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Rick Braa on PPP and the Employee Retention Credit

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A new round for the Paycheck Protection Program is underway and we invited acclaimed restaurant consultant Rick Braa to host another in-depth webinar on what you need to know about PPP loans and forgiveness. 

 The second draw of the PPP also includes first draws and has $284 billion to bear. For those of you who have suffered errors when you’ve applied or have been kicked back, Braa says this is common — 20% of loans have been kicked back, but the SBA is working to address this.  

 The program ends March 31, 2021, so time is definitely a factor if you intend to apply. There’s only one coverage period for the second draw, no alternatives this time around, and that’s an 8 to 24-week period. You have a few options to calculate your coverage, and Braa used the example of basing it off of up to 3.5 times of your 2019 payroll expenses. These expenses can include tips and are limited to $2 million per individual EIN or $4 million per corporate group for the second draw. For your second round of PPP loans, you’ll need to demonstrate a 20%-to-25% decline in sales. 

 Answering what he described as a common question, Braa said that if you applied for a first round of PPP loans under a corporate group, do not apply for the second as an individual, or vice versa. Both EIN and corporate groups have their own portals, Braa said, and he’s consulted with five different law groups who all agree, don’t do it. 

 If this is your first draw of PPP, your calculation is limited to 2.5 times your 2019 monthly payroll, including tips.  

 What’s included in forgiveness? 

 Some new clarity has been provided in regard to what expenses can be forgiven if you apply your PPP to them. The basic thing to keep in mind is no matter what, 60% of your PPP loan must go towards payroll. Payroll, excluding federal employer tax, includes wages, tips, state and local employer taxes, health benefits for employees, commissions and hazard pay. Other expenses that can be forgiven can account for the remaining 40% of the loan, and other expenses have been clarified since the first round. 

 Interest payments on any debt prior to Feb. 15, 2020 are liable for forgiveness. 

 Also covered in forgiveness are some operation expenses, specifically in regard to software or cloud computing services used to process payroll or HR. Braa does not believe credit card processors are included in this forgiveness. Property damage not covered by insurance can also be covered with PPP money and be eligible for forgiveness.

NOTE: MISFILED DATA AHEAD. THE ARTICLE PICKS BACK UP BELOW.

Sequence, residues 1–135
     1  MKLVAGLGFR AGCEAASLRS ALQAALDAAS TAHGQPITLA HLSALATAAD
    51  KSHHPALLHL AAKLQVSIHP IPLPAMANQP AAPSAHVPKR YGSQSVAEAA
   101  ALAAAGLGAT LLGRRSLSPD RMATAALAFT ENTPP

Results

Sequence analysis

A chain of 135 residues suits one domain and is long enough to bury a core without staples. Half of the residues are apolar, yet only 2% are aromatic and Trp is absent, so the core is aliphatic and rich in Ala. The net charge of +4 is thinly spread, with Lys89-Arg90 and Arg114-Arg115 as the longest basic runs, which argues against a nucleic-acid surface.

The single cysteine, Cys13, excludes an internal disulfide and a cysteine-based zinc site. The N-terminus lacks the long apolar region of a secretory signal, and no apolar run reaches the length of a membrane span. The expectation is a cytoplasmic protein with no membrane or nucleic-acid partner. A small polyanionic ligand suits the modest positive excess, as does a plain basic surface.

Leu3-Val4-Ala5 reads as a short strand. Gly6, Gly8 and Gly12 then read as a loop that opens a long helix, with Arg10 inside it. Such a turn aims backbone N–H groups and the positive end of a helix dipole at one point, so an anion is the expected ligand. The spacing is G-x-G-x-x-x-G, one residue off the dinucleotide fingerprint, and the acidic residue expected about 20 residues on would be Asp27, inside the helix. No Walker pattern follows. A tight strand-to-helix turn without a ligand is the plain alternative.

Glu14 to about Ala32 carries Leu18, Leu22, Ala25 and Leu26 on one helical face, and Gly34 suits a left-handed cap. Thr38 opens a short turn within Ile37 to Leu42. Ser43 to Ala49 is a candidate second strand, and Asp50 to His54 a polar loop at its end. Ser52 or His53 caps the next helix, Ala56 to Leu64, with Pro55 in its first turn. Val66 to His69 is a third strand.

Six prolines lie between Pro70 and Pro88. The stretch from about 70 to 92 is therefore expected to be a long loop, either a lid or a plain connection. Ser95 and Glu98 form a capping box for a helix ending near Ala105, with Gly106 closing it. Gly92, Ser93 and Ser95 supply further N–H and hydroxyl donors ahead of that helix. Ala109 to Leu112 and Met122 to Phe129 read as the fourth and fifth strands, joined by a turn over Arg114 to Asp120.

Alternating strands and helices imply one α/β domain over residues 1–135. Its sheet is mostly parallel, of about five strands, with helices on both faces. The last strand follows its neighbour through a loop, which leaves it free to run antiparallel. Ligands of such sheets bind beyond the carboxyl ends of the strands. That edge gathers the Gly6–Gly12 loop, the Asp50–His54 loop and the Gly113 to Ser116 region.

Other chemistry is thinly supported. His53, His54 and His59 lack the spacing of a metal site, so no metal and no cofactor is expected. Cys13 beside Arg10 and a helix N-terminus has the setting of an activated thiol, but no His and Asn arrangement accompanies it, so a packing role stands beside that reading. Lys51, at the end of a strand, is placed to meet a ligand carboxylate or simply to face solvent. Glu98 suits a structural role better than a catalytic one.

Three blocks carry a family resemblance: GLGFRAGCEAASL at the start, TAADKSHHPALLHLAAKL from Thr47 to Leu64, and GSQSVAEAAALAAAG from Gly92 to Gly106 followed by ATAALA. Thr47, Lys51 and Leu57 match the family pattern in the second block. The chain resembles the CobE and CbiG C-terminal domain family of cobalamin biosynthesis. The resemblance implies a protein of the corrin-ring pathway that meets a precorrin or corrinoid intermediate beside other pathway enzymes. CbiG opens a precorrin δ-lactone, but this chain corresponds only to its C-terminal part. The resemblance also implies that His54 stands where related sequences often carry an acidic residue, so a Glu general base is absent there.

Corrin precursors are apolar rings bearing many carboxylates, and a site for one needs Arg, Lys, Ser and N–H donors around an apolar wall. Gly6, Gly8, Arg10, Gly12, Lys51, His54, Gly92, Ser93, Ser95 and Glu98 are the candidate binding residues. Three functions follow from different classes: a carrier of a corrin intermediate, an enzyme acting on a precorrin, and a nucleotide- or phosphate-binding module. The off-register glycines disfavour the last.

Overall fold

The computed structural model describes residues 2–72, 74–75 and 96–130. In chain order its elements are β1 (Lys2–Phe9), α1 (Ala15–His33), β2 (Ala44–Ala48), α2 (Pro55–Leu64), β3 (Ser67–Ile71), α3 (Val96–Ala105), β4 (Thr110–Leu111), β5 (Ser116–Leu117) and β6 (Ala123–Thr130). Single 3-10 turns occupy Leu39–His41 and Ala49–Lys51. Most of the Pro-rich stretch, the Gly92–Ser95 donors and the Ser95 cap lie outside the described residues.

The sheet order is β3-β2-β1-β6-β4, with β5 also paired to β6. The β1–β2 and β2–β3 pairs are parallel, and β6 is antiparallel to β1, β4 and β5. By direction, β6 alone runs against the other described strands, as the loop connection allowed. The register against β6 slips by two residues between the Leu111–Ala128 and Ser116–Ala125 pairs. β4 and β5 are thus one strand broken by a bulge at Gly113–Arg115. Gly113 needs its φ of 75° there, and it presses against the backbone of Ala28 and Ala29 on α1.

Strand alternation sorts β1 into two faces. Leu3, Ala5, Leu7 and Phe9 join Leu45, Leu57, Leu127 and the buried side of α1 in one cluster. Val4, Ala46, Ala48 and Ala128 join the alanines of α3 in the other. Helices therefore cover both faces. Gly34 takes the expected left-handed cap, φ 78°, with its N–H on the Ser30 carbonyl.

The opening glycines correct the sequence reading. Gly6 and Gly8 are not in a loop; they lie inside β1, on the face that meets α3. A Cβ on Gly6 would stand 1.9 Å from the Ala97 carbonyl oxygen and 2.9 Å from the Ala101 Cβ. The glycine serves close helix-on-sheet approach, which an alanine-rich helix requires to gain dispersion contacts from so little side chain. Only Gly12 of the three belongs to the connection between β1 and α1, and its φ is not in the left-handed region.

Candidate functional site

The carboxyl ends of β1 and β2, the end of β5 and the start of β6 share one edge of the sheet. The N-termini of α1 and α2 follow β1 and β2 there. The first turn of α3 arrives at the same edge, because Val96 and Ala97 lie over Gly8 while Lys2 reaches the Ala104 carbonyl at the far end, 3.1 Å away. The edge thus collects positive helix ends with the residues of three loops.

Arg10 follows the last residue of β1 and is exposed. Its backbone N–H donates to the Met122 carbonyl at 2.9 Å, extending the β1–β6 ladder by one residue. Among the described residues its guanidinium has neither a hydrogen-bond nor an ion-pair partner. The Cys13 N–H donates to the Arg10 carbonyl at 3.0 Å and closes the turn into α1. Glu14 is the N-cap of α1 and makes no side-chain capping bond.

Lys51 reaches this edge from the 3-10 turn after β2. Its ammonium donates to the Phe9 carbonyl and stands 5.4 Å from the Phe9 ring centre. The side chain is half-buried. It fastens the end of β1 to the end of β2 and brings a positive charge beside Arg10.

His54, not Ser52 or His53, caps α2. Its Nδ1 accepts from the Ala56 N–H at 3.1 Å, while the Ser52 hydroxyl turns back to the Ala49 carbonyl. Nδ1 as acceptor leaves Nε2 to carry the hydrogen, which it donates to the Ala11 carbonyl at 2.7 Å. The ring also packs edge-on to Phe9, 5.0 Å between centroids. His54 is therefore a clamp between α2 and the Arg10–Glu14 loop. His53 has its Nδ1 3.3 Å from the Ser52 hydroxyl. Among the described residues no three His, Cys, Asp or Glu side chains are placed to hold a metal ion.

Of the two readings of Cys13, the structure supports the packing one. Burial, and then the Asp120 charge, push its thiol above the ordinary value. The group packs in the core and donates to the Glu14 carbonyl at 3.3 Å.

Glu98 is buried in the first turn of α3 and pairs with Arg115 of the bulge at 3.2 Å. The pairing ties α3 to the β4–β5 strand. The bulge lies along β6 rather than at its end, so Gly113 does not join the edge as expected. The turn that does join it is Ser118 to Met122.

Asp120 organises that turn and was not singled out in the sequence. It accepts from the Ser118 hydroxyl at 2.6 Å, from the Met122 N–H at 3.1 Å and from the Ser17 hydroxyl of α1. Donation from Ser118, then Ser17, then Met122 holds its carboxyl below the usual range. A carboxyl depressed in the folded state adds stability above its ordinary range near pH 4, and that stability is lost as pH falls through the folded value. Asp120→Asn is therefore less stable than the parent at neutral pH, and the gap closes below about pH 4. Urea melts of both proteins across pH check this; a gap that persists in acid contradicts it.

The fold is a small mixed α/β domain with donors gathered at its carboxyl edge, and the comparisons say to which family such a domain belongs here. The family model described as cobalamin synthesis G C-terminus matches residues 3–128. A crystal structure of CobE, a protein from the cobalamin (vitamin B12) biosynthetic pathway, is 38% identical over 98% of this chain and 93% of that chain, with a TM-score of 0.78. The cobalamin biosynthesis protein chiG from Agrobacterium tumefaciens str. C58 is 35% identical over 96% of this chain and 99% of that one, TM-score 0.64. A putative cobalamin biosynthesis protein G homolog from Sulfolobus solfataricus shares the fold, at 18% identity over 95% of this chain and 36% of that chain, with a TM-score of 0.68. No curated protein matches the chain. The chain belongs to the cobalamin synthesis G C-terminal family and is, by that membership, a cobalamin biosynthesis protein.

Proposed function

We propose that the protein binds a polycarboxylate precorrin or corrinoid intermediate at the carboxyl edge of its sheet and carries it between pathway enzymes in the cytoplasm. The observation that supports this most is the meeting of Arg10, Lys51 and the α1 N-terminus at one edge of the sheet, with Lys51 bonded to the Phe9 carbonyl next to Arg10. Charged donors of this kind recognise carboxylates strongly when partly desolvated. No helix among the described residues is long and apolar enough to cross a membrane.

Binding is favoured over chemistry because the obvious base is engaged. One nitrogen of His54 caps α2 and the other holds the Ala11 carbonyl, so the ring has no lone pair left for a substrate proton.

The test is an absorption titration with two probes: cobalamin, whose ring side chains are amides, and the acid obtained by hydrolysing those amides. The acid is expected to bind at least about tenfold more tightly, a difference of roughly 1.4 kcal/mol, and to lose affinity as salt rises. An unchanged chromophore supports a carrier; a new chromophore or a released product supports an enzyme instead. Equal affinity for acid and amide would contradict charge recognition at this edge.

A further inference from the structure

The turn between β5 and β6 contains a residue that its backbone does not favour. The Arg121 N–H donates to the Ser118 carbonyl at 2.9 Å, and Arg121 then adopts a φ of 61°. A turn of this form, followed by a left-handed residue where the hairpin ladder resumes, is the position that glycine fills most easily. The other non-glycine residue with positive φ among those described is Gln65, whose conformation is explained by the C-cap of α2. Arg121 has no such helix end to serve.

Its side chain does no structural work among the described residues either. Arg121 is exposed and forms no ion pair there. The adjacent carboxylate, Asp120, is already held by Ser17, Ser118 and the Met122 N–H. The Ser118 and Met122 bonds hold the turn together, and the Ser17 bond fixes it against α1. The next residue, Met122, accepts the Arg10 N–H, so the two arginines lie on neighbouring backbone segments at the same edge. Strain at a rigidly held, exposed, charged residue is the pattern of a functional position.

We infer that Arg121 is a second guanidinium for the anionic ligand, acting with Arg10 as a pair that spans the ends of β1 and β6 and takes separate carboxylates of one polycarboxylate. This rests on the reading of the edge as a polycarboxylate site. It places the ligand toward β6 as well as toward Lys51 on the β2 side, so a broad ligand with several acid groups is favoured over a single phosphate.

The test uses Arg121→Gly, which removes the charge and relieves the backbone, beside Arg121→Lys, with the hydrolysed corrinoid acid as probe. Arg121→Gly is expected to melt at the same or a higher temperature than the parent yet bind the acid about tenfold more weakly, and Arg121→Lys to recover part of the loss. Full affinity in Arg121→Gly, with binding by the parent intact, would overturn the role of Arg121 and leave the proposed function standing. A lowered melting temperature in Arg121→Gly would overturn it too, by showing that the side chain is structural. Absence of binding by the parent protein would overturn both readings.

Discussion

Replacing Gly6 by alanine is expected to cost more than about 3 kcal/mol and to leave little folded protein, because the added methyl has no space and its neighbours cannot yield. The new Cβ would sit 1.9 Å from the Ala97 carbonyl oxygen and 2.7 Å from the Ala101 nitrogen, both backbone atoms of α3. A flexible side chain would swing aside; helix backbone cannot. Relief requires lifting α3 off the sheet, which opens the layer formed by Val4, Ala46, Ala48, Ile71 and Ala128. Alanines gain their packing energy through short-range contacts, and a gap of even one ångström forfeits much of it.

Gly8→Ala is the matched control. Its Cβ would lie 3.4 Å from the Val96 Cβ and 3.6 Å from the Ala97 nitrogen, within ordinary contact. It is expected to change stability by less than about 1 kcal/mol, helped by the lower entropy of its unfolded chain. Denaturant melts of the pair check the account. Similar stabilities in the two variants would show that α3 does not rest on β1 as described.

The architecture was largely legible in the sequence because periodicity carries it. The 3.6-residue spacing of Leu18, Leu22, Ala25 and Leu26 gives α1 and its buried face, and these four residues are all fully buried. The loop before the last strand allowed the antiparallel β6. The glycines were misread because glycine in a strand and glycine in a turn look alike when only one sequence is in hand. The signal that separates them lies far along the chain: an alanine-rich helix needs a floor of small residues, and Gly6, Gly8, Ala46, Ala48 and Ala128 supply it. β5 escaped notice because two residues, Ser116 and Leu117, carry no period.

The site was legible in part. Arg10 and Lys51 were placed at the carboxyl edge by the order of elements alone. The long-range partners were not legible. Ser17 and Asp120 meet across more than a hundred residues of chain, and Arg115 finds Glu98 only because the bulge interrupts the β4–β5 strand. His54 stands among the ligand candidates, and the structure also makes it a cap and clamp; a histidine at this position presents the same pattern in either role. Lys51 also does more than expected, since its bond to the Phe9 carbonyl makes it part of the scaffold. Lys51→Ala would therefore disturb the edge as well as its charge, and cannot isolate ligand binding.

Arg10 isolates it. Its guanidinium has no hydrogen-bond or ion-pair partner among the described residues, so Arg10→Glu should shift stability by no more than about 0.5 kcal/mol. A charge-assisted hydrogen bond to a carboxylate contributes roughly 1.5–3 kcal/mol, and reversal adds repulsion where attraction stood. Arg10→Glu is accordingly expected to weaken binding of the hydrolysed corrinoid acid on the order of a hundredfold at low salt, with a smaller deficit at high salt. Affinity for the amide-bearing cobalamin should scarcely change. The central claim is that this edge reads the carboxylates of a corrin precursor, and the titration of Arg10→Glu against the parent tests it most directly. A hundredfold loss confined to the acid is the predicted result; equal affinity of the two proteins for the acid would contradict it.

Supplier costs, defined as goods and services that are essential to your operation at the time they are ordered, are also included. Braa said this is a big deal. 

 “This is perhaps the biggest piece for the industry in my view,” Braa said. “What this is, is your cost of goods.” He believes that you can allocate some of the 40% of the PPP not designated to payroll to forgiveness-eligible cost of goods expenses.  

 Additionally, and perhaps even more critically: costs towards worker protection, including facility modifications, adding plexiglass barriers, outdoor dining expansions, even the installation of drive-thrus — there’s a lot of flexibility with what qualifies here and all of these sorts of expenses can also be eligible for forgiveness if you spend the appropriate PPP monies towards them. 

 Questions and Answers 

 These webinars are an opportunity for members to get answers to their questions or specific concerns in real-time. Here are just a few of the questions Braa answered in this segment: 

 How can we find our SBA loan numbers for the first-round draw? Our first lender did not keep the number on the loan documents we signed. This is a problem, Braa said, noting that big banks didn’t include these loan numbers, or they otherwise masked them. Your only recourse is to hammer the big banks, Braa said, and insist on getting your loan number. It is your loan number, and you should be entitled to it. Big banks want you to use them as lenders again this second time around, so they withhold the numbers. Braa said he’s known many operators who have wanted to change lenders the second time around.  

 We started our operation in Sept 2020, our bank said businesses must be in operation only before 2/15/20. Is that the case? Yes, and some have challenged this via their attorneys, so you can consult your legal side, but it’s clear in there that you need to have been in operation by Feb. 15, 2020. 

 My application was rejected, what gives? Braa warns that this time around, in contrast to the first round, the SBA is being very scrutinous in their application process. During the first round of loans, applications were quite readily accepted. This time lenders are paying close attention to details, flaws, mistakes or imperfections in applications. Braa noted that some 20% of applications have been knocked back, even ones with immaculate work done on their applications. This problem may be resolved soon.